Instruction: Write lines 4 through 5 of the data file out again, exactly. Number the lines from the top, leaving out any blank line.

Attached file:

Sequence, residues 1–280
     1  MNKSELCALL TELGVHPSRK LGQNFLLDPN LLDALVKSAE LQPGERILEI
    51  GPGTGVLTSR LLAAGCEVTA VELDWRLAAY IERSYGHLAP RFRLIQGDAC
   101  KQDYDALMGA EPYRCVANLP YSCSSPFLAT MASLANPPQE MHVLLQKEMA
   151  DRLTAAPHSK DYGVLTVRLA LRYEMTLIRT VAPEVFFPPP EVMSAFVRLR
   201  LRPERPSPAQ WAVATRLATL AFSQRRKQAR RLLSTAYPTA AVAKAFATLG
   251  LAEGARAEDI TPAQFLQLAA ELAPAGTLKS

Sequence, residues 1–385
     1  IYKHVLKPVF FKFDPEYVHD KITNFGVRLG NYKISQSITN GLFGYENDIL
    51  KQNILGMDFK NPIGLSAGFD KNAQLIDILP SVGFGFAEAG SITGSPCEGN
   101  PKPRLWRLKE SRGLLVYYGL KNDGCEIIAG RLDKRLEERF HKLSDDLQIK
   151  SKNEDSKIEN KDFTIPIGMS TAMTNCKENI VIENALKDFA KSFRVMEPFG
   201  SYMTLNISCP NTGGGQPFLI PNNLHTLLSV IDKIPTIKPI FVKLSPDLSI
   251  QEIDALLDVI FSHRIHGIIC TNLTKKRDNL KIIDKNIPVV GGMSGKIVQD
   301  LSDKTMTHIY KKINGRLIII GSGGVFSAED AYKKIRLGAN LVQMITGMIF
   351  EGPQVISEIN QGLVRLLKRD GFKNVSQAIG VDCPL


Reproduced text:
   101  KQDYDALMGA EPYRCVANLP YSCSSPFLAT MASLANPPQE MHVLLQKEMA
   151  DRLTAAPHSK DYGVLTVRLA LRYEMTLIRT VAPEVFFPPP EVMSAFVRLR